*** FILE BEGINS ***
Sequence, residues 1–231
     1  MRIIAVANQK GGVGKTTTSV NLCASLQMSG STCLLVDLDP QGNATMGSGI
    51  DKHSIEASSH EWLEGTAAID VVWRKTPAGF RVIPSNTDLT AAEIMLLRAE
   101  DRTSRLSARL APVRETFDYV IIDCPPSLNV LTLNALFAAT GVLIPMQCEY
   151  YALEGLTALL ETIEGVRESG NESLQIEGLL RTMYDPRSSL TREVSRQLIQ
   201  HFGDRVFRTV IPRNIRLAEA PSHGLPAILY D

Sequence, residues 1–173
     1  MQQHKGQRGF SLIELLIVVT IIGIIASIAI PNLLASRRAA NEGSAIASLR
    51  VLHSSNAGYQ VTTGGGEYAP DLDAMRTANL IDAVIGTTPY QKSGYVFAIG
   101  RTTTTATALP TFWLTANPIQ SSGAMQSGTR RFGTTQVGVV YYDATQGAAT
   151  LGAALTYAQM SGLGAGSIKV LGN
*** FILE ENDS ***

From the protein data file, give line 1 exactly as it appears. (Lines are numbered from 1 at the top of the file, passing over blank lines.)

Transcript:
Sequence, residues 1–231